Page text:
The complexity of knowledge exchange does not limit or lower its necessity for organizations and economies. Since its aim is to capture, create, organize and distribute knowledge, knowledge exchange ensures the transfer of knowledge to different parts of the organization thus enhancing learning and development in the organization while ensuring the posterity of the knowledge (Nahapiet & Ghoshal, 1998). The effectiveness of knowledge exchange requires encouragement more than the incentives offered. Challenges and barriers though evident do not hinder the criticality of knowledge transfer. This research focuses on encouraging knowledge exchange while addressing the barriers.
Encouraging knowledge transfer
According to Argote & Ingram (2000), knowledge transfer is the process through which the experiences of one unit such as a division, department, or group affect another in the organization. The effectiveness of knowledge transfer is evident by the performance or knowledge changes of the recipients. They are of the view that it requires more than just technology transfer. In their opinion, encouragement of the same would encompass considerations of ethics in power imbalances and relativity in need of resources of knowledge. To encourage knowledge transfer, Blackler (1995) provides the necessity of addressing the knowledge types grouped as; encoded whose conveyance is through symbols and signs, encultured which involves the use of negotiation and language in acculturation and socialization, engrained, and embedded. The field of knowledge exchange has developed with institutions being set up to help companies in creating a culture of knowledge exchange relevant to the field of specialization of the company.
Identification of the motivation factors of people in codifying and sharing of knowledge is the priority of organizations (Farquhar & Smith, 2000). Encouraging contribution of knowledge by employees is very important (Boisot & Griffiths, 1999). Researches on encouraging knowledge exchange are numerous. Faraj & Wasko (2000) set on identification of motivation factors for people in codifying knowledge to help others while Molms (2001) emphasizes on the need for interactions and opportunities for knowledge exchange. Hall (2001) advocates for social exchange through the use of incentives such as organisational factors and rewards which are straight forward as well as variation in activities and job roles. He emphasizes on the management of social sharing conditions through the ease of access to resources and encouraging value of information. Short term results are based on financial incentives while building of the community proves significant in the long term (Beer & Nohria 2000). The ways of knowledge exchange include; mentorship, work shadowing, paired of work, narrative transfer, guided experimentation and community practice (Roberts, 2000).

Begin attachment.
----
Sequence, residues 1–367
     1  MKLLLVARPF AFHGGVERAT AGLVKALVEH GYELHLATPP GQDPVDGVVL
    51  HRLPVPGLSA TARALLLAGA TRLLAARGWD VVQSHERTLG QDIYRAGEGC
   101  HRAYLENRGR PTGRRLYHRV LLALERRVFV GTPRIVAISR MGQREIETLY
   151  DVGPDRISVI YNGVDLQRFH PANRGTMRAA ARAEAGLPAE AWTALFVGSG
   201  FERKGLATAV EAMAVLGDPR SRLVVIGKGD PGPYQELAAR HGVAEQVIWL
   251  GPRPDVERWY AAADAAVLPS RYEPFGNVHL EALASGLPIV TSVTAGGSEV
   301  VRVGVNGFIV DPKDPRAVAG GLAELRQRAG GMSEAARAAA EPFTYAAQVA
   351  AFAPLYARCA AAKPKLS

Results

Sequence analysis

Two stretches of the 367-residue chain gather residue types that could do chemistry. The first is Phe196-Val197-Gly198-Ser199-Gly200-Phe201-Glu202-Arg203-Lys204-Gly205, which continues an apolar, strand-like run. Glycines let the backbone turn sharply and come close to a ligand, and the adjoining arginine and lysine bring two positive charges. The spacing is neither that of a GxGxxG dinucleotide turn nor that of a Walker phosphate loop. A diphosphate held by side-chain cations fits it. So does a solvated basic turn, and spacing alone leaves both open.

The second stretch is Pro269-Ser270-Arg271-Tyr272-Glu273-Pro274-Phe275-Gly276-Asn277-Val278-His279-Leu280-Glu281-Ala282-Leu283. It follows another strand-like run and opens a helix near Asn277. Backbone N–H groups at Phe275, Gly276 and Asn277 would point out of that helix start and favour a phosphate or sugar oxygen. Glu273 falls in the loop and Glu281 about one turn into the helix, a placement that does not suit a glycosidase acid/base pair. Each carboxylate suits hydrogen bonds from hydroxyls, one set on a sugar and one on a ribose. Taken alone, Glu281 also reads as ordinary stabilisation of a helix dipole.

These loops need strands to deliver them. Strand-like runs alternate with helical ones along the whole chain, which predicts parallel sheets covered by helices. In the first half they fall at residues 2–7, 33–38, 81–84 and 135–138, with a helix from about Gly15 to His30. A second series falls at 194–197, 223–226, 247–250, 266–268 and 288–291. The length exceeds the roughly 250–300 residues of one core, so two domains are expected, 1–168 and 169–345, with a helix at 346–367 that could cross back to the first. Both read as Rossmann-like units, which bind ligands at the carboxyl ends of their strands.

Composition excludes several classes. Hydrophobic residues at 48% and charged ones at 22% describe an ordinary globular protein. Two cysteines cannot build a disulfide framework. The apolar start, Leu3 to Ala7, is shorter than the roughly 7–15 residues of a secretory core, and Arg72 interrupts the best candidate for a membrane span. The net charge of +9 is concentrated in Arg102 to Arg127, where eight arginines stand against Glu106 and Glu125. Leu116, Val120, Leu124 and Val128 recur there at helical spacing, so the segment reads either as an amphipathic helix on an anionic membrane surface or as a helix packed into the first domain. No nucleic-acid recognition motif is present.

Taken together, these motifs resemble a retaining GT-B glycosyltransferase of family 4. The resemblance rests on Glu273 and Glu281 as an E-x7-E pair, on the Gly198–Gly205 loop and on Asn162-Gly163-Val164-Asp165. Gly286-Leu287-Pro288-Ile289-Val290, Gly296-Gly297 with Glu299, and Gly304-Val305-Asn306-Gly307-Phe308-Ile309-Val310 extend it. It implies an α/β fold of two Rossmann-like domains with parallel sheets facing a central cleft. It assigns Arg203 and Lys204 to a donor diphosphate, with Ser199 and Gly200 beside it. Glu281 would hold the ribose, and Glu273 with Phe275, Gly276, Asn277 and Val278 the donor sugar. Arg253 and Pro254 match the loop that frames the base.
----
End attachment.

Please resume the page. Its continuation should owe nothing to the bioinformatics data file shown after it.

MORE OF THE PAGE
Barriers to effective exchange of knowledge
Risk and uncertainty form a great barrier to knowledge transfer due to the costs and changes that a company undergoes. The dismissal and failure to accord value to information given and lack of incentives are major barriers to knowledge exchange (Nahapiet & Ghoshal 1998). The lack of motivation for employees lowers the rate and efficiency of knowledge exchange (Faraj & Wasko 2000). The other barriers include; misconceptions, generational differences, cultural norms, internal conflicts, expertise, relations in union management, distance, limitations of technology among others (Roberts, 2000).
The benefits of knowledge exchange in a greater way outweigh the challenges experienced. There is need to continue encouraging knowledge exchange through more research and addressing measures to counter the inherent barriers and challenges.
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- Roberts, J 2000, ‘From Know-how to Show-how: Questioning the Role of Information and Communication Technologies in Knowledge Transfer’, Technology Analysis & Strategic Management, vol. 12, no. 4, pp. 429–443.